Views from PoisoViews from PoisoLeaving Poiso we dropped down steadily till we entered the tree line again. This north side of the island seemed much cooler than the south face of the mountains. The great central ridge runs like a backbone east and west along the length of the island, sending out vast spurs like ribs on either side. The roads wind along the sides of these great spurs, with huge ravines between.
BalcõesRibeiro FrioOur next stop was at Ribeiro Frio 2624 feet and 12.5 miles from Funchal. We stopped for a long time here, while the rest of the party went for a walk round the Balcões, (the Balconies) which I gather is a footpath round the side of a ravine, with a wonderful view. I had to sit with my head more or less on my knees, and have seldom felt so ill in my life. I thought the others were never coming back and began to think that I should die before they did. They must have been gone quite an hour and all seemed very tired when they got back to the car. I felt better directly we began to move and I could get some air and wind in my face, but the mere name Ribeiro Frio will give me qualms to the end of my days.

The vegetation repeated itself in reverse as we dropped to sea level on the north coast. We stopped at a charming roadside estaminet at Saõ Roque do Faial at about 14:30. It is only 20.25 miles from Funchal and almost at sea level. Here everyone got out the vast packets of sandwiches etc. provided by the hotel before we left in the morning, and proceeded to consume them with much gusto. I cautiously peeled a morsel of bread of one sandwich and nibbled about one mouthful and then packed up.

We then went on to Porto da Cruz, a lovely fishing village under the shadow of a colossal block of mountain standing out in the sea, “Penha d'Águia” (The rock of the eagle). I believe I did actually see an eagle sailing about in the dizzy abyss under the rock.

We then struck inland, climbing again, to Portela 2034 feet, the road clinging in and out round the great sprawling mountain spurs.

It was about here we stopped again and the party got out and walked around a cliff path for the view. The usual mob of clamouring children materialised and I was told that some of those from the other cars thought it a great joke to throw coins among the bushes which grew down the cliff face, in order to see the children plunge down after them. Our own party was disgusted about it, as the cliff was over 1000 feet high and the children were utterly reckless in their eagerness for the coins. They had probably plunged down the cliff scores of times before, but it struck us a very poor joke. I did not actually see it, as I stayed in the car, but if I had, I am afraid I should have had some remarks to make to those jokers.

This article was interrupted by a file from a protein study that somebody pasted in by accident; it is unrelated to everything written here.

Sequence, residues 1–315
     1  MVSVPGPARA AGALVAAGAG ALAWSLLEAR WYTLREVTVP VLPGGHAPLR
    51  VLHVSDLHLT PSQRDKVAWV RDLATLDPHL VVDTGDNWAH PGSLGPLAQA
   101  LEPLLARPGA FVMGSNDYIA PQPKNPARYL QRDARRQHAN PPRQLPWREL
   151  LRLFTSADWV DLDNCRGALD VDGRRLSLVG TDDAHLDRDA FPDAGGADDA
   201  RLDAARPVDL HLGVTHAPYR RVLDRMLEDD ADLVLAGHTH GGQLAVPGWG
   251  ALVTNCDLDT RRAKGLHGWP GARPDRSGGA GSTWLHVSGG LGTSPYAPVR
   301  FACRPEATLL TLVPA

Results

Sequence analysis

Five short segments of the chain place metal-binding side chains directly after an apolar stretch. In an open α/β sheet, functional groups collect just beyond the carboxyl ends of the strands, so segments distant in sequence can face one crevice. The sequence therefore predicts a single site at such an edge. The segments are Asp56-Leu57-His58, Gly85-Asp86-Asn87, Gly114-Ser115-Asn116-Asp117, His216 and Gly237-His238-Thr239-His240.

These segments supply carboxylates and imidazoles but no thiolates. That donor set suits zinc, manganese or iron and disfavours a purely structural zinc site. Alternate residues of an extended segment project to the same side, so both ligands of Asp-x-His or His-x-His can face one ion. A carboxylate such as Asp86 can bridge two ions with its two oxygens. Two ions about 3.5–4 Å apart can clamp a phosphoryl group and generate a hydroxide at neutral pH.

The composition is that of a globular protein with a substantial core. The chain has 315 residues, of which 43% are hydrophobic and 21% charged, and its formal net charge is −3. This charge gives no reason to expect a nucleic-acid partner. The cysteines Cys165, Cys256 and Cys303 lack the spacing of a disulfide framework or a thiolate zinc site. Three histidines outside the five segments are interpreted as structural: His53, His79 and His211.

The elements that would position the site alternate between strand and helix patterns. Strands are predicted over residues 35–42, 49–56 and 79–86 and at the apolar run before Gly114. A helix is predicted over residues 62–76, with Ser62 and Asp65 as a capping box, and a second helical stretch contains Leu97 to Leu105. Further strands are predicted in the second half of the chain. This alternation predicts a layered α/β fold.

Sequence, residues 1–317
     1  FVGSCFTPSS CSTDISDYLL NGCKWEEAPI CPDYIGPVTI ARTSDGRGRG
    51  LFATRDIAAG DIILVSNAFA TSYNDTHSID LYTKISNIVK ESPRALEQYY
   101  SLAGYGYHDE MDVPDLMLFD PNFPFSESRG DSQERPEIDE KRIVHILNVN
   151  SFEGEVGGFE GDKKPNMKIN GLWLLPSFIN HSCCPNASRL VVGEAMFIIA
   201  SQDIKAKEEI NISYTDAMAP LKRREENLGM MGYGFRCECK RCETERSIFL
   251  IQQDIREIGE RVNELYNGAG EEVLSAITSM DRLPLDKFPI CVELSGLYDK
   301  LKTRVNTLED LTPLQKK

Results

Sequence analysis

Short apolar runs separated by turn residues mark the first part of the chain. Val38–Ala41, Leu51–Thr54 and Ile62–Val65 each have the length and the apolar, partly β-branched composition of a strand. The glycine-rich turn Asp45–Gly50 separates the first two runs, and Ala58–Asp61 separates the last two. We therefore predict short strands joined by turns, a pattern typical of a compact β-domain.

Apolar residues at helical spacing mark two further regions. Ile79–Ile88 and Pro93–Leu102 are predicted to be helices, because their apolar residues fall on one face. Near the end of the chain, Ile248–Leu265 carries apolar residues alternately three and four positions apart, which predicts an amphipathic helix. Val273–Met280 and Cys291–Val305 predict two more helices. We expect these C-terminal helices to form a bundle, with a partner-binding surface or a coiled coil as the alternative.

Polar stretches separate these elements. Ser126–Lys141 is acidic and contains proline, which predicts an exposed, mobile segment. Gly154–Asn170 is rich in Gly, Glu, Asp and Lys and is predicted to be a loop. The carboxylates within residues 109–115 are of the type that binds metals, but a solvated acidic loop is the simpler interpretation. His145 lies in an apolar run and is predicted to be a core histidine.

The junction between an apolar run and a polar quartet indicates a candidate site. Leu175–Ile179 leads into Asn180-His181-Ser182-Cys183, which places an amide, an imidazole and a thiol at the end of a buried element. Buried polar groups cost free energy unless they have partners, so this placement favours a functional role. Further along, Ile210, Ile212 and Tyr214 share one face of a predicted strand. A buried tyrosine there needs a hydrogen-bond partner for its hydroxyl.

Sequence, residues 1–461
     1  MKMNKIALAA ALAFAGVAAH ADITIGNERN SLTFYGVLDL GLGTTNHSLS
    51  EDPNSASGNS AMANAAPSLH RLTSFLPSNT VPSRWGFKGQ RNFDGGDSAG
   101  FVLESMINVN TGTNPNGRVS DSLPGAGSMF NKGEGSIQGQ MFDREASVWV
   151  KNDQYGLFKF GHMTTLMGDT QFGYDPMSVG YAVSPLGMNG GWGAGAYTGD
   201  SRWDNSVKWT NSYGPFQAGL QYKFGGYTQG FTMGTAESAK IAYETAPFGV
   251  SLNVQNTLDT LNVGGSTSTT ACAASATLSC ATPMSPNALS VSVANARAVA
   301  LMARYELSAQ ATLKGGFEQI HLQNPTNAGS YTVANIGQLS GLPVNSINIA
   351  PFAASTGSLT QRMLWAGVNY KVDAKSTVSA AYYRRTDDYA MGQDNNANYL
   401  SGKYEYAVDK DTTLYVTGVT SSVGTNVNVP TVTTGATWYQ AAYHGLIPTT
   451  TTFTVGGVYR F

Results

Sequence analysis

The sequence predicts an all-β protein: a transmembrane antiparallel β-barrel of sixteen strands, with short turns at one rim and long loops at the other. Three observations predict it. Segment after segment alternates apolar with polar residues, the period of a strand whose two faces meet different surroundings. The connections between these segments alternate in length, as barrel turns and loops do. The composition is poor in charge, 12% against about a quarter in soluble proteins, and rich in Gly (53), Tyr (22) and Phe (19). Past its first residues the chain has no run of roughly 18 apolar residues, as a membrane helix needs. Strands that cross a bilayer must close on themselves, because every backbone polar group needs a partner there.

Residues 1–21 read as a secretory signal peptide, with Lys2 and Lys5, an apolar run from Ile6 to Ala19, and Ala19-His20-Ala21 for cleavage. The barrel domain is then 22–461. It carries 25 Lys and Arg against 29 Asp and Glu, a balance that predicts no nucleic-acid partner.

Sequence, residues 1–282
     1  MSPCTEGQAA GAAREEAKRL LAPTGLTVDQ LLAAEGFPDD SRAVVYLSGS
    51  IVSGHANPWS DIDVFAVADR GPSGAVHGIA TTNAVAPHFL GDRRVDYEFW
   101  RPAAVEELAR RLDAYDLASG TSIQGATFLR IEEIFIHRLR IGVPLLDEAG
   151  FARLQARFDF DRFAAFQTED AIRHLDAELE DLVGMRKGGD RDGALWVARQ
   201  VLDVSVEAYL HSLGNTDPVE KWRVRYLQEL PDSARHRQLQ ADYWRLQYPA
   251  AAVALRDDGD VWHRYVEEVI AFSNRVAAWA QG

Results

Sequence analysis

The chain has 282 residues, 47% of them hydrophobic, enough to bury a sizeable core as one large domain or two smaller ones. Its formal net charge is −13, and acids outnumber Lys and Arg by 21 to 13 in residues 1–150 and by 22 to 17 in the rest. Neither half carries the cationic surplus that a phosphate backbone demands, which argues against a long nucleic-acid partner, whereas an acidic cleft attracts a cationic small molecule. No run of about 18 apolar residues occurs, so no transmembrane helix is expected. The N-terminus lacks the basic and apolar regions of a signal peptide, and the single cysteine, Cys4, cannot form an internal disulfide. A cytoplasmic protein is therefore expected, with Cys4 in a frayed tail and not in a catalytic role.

Machico, 17.25 miles along the coast east of Funchal.Our next stop was at Machico, 17.25 miles along the coast east of Funchal, a perfectly lovely little village in a bay on the south coast. We had crossed the island again at the narrow eastern end since leaving Porto da Cruz. At Machico we had tea in a charming open air café, quite the English style. It is a far more sophisticated place than any of the other villages we had passed through, and is a popular residential area for the well-to-do.

I was beginning to feel better by this time and was able to swallow a spot of tea.

We returned to Funchal along the coast road, with the sea on our left, and everything looked perfectly exquisite. Via Santa Cruz, Gaula, Canico and S. Goncalo, all of these being charming villages, with a great number of large and wealthy houses and quintas everywhere.